is a translation of the DSM’s autism diagnostic criteria into relatable human language. It turns out that gatekeeping diagnosis based on the behavior of traumatized white male autistic children is maybe not the ideal way to handle Autism in the general population. Read to get a more nuanced, relatable framing of what Autism really is.
is my attempt to capture the complexities in play when discussing Autism in a journalistic or educational context. I’ve received extensive feedback that this is the best piece on autism that many people have ever read, including folks who have been working in this space for years. If you read nothing else on this site please take a look.
may be old news for some of you, but a lot of neurodivergent people have divergent emotional experiences and we struggle with alexithymia (difficulty naming our own emotions) and so don’t really learn how to process them. This is the guide I wish I’d had as a kid to teach me what to do with my feelings.
is a guide to interviewing, hiring and managing Autistic people for your place of work. There is a long section with examples of accommodations across a variety of domains — you’ll learn e.g. how to accommodate sensory differences, or social challenges. It also makes it a point to distinguish between accommodations that may help Autistic people survive and those that would enable us to thrive. I have forwarded this to our own recruiting team who gave me positive feedback.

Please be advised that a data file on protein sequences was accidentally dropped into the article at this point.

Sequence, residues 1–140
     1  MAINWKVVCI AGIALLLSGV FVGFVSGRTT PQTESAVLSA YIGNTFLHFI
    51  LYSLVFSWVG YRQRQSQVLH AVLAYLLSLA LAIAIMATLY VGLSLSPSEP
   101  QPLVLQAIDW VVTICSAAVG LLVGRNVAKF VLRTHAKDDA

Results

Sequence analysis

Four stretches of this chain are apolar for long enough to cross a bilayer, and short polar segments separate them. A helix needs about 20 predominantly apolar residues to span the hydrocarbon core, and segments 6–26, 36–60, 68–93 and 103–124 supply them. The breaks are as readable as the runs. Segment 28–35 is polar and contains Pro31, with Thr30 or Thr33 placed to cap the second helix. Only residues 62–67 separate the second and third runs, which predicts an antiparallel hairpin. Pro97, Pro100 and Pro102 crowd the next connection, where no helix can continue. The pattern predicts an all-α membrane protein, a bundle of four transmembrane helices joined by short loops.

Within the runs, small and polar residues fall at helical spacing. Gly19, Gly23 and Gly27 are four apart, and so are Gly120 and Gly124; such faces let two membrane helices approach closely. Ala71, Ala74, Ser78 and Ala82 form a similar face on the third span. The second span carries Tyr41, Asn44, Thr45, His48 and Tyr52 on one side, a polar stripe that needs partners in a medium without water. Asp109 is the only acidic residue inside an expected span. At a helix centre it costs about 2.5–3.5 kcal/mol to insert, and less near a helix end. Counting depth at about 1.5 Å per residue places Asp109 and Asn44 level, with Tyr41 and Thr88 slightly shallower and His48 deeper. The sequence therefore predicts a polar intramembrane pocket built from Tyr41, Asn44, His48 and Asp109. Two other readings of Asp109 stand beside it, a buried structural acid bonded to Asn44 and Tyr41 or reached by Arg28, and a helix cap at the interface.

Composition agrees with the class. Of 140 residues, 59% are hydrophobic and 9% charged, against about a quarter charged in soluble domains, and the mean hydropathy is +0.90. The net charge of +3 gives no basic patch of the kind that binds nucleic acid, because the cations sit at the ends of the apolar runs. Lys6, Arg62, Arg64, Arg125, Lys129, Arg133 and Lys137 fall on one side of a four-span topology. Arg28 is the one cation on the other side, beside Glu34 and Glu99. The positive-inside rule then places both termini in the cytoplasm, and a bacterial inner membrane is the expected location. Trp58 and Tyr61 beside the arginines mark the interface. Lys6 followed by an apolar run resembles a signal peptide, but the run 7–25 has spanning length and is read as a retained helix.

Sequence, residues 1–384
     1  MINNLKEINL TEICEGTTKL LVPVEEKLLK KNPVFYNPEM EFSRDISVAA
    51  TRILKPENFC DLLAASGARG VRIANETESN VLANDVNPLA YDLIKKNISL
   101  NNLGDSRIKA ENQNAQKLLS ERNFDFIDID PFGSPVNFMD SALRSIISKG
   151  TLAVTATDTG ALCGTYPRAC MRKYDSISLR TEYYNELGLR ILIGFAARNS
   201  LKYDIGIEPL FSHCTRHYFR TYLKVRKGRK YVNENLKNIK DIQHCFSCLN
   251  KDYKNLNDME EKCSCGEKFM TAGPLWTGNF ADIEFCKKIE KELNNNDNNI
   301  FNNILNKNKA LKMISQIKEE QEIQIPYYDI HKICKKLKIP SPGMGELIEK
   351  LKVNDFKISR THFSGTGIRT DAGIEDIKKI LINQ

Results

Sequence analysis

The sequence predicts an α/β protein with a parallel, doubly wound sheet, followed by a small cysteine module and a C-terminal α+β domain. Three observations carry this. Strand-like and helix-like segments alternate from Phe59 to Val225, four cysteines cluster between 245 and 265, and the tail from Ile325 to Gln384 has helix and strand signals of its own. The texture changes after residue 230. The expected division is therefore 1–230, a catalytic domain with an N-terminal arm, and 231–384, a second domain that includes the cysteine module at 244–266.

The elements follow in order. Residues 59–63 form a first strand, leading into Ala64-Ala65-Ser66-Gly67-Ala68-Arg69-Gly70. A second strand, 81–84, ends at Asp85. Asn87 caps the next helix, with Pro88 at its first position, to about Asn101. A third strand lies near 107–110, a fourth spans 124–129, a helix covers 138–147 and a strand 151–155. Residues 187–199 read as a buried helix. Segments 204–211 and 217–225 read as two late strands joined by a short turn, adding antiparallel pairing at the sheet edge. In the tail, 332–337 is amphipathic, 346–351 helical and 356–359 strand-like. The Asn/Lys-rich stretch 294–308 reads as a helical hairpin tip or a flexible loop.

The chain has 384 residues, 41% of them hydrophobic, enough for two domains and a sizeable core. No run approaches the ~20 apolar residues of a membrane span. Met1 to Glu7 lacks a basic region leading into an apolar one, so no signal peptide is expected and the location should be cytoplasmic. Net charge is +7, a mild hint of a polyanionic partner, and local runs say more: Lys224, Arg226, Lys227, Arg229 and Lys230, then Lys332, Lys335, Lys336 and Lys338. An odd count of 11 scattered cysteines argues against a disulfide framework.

is a guest essay that captures eloquently an idea that I’ve been trying to name for a long time. Erika makes the case that the term “queer”, understood in its big-tent sense as “non-normative”, has always already included Autistic and other neurodivergent people.
blew my mind when Courtney first submitted it because I was expecting an essay making the same set of points that we all know so well. Instead she delivered a beautiful prose poem that deconstructs the very idea that medical diagnosis could possibly be more appropriate for Autistic people than self-diagnosis. Autism is closer to homosexuality than it is to an illness, and like homosexuality it needs to be rescued from the pages of the DSM.
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